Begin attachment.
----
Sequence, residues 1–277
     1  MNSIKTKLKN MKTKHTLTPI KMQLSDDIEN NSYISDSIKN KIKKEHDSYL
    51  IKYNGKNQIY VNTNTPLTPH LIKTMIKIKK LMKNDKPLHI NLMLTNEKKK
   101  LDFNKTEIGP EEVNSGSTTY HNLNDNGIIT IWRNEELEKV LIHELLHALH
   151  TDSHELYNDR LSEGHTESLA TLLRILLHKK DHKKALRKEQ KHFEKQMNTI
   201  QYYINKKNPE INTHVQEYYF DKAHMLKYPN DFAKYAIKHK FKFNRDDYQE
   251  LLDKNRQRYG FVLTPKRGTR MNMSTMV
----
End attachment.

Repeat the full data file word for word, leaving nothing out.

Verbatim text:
Sequence, residues 1–277
     1  MNSIKTKLKN MKTKHTLTPI KMQLSDDIEN NSYISDSIKN KIKKEHDSYL
    51  IKYNGKNQIY VNTNTPLTPH LIKTMIKIKK LMKNDKPLHI NLMLTNEKKK
   101  LDFNKTEIGP EEVNSGSTTY HNLNDNGIIT IWRNEELEKV LIHELLHALH
   151  TDSHELYNDR LSEGHTESLA TLLRILLHKK DHKKALRKEQ KHFEKQMNTI
   201  QYYINKKNPE INTHVQEYYF DKAHMLKYPN DFAKYAIKHK FKFNRDDYQE
   251  LLDKNRQRYG FVLTPKRGTR MNMSTMV